If you have a question for Ben, please leave a comment and he will respond to you.

Thanks, Ben, for stopping by.










 
 

Friday, January 13, 2012

Remember Pen and Paper?



      For Christmas one of my friends gave me a beautiful journal with a mauve cover. I love to rub my hand across it, because it feels so soft to the touch. Another friend gave me some pens I told her I liked. The two gifts were a perfect match for a writer. Of course, this isn’t the first journal they have bought me, as they have given me some beautiful ones over the years, and I tell them I can never have too many!
I have started writing in the new journal, even though I feel I haven’t gotten myself into a routine of writing at my computer for the new year. So, my point for this post is don’t beat yourself up for NOT being at your computer, but begin by taking your pen and paper, and just write the old-fashioned way.
            I was in high school when I realized I enjoyed writing. That realization came about because I started journaling. I think that was the beginning of the blank books being readily available. My father used to laugh when I bought one, because there was “nothing” inside. I wrote about my life, my dreams and one time I kept what I called a “Travel Journal” when my family went to Florida for a summer vacation. I still have that one and well, many of my journals. I guess I did a lot of “honing” of my writing in those early books.
            Write about your frustrations with your writing, what you want to write, what you would like your life to look like, if you didn’t have the dreaded “day job”. If a scene comes to your mind for a novel or screenplay, write it down, because there are no rules for your journal. And you don’t have to show it to your critique group, unless you want to.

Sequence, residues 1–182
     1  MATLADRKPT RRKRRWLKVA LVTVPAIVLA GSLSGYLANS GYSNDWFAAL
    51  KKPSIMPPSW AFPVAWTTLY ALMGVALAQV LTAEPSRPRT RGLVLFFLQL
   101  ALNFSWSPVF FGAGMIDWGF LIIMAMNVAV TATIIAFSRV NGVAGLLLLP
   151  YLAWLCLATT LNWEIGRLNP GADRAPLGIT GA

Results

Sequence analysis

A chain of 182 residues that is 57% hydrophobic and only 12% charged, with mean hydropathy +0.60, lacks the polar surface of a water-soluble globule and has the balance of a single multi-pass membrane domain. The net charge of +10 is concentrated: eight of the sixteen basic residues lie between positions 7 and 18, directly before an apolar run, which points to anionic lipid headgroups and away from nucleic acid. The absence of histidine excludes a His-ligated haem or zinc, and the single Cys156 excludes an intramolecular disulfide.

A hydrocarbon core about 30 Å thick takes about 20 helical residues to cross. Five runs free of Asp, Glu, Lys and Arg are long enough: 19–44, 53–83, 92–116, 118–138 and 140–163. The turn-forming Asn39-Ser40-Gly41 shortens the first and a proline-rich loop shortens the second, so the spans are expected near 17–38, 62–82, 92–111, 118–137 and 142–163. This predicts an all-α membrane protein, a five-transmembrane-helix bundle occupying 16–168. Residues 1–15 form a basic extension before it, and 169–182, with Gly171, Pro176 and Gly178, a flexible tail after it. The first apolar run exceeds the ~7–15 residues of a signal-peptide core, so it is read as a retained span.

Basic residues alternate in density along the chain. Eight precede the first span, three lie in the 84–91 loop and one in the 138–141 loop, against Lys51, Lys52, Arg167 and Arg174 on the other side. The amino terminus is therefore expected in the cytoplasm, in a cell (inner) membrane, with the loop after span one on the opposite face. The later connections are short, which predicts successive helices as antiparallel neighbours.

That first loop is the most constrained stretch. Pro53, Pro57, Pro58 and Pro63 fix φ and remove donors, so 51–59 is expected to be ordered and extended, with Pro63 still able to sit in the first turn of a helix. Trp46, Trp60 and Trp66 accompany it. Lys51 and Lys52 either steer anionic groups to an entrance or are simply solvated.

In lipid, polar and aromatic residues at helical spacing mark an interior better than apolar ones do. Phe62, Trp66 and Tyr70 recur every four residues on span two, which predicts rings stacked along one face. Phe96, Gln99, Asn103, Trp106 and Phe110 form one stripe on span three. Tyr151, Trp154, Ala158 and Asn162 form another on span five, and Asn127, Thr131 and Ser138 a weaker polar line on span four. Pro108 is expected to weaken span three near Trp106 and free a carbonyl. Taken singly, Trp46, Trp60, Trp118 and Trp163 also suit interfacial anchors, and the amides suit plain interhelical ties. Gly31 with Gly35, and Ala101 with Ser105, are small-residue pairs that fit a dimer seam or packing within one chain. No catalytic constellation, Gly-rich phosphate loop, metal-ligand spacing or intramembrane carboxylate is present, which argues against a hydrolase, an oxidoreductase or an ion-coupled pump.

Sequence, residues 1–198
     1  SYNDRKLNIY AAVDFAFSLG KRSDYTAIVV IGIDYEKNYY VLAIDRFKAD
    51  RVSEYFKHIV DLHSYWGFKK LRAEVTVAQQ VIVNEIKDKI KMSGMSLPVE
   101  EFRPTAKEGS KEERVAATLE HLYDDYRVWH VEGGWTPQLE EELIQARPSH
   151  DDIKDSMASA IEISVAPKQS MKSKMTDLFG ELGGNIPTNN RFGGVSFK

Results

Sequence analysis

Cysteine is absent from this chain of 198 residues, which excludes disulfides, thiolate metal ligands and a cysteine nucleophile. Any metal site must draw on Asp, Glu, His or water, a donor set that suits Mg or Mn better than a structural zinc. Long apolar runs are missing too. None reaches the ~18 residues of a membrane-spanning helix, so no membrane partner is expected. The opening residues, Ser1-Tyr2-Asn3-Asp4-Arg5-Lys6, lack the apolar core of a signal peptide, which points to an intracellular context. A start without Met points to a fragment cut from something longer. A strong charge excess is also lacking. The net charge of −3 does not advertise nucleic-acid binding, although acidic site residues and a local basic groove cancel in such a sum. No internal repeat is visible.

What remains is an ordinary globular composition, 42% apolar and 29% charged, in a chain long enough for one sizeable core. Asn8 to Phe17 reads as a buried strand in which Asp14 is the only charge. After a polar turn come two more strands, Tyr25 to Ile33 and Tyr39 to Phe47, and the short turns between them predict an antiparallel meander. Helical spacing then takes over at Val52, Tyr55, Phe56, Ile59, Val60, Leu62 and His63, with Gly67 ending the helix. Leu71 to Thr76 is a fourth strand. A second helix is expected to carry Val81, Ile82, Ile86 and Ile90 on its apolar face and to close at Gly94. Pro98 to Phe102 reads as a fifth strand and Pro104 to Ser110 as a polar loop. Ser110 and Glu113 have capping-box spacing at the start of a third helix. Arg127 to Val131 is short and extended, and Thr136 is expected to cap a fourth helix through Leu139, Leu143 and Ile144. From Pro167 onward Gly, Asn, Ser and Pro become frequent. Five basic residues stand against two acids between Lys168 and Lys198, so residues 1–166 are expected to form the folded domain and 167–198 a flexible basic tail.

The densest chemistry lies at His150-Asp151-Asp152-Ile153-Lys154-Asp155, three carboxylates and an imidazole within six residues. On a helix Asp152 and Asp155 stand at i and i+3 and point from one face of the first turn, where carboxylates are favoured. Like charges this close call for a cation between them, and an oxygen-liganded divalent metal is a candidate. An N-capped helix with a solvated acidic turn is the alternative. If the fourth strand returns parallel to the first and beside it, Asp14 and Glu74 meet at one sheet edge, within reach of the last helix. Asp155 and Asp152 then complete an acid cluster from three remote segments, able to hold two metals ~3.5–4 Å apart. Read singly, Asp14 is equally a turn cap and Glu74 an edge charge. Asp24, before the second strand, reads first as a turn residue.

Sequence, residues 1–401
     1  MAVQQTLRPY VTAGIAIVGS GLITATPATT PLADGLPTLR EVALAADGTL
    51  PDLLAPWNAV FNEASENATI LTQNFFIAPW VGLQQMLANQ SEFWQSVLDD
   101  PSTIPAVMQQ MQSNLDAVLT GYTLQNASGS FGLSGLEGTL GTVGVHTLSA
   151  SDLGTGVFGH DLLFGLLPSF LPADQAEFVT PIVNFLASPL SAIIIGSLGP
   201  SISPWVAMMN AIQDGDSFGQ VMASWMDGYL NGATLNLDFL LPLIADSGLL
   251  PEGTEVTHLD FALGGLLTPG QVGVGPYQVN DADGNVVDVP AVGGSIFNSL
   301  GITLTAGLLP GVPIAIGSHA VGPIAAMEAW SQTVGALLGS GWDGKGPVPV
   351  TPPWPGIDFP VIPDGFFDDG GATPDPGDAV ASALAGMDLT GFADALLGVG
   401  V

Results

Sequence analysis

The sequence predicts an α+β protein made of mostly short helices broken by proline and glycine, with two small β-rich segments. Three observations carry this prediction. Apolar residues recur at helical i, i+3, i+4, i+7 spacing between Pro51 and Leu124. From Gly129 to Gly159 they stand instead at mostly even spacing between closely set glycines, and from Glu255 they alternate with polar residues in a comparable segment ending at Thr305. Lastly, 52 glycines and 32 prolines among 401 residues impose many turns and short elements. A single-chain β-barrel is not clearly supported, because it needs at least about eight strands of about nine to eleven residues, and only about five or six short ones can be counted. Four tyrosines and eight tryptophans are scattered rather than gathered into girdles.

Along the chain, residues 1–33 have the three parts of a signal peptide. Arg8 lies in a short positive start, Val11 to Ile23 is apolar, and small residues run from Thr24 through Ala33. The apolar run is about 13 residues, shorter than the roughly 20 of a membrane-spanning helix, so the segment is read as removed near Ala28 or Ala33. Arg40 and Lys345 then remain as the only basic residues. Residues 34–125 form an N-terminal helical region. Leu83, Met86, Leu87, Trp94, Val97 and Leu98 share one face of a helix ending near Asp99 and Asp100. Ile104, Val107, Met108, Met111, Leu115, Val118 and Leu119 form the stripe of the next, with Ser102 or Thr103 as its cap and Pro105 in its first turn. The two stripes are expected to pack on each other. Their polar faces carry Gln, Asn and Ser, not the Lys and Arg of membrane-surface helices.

Do you journal? Have you kept them over the years?

Friday, January 6, 2012

Choose Your Writers' Conference

One of my goals for 2012 is to hone my writing skills. If this is one of yours, one way to do this is to attend a writers' conference. At a conference you can learn new skills, meet other writers and hear about the latest trends in the publishing market. Try to attend a conference that has a faculty of editors from publishing companies and magazines, plus literary agents. There should also be freelance writers on the staff, who are writing in the field and can share their expertise.
I am on the staff of Write-to-Publish, a Christian writers' conference, held every summer in Wheaton, Illinois on the campus of Wheaton College (although not affiliated with the school). This year the conference will be May 30 – June 2. If you live in the Midwest this might be the conference for you. If you live in another area, check the ones near you. If you are interested in a specific area of writing, such as fiction, you might check out the American Christian Fiction Writers who hold a conference each September in various locations, this year in Dallas.
Write-to-Publish 2011


A conference does cost you something. In addition to the registration and travel expenses, there is the time away from work and family. But, I have found a conference to be more than worth the sacrifice.
At most conferences you will have the opportunity to meet with book or magazine editors and pitch an idea for their house. Since most publishing houses do not accept unsolicited manuscripts, this is a rare occasion for you to meet face-to-face with company reps.
You will also have the opportunity to meet fellow writers. You can talk unashamedly about your work for hours without seeing eyes glaze over, which we see in the faces of our friends and family, who don’t “get us."
As you begin your year, are you considering a conference? If, so, which one are you attending?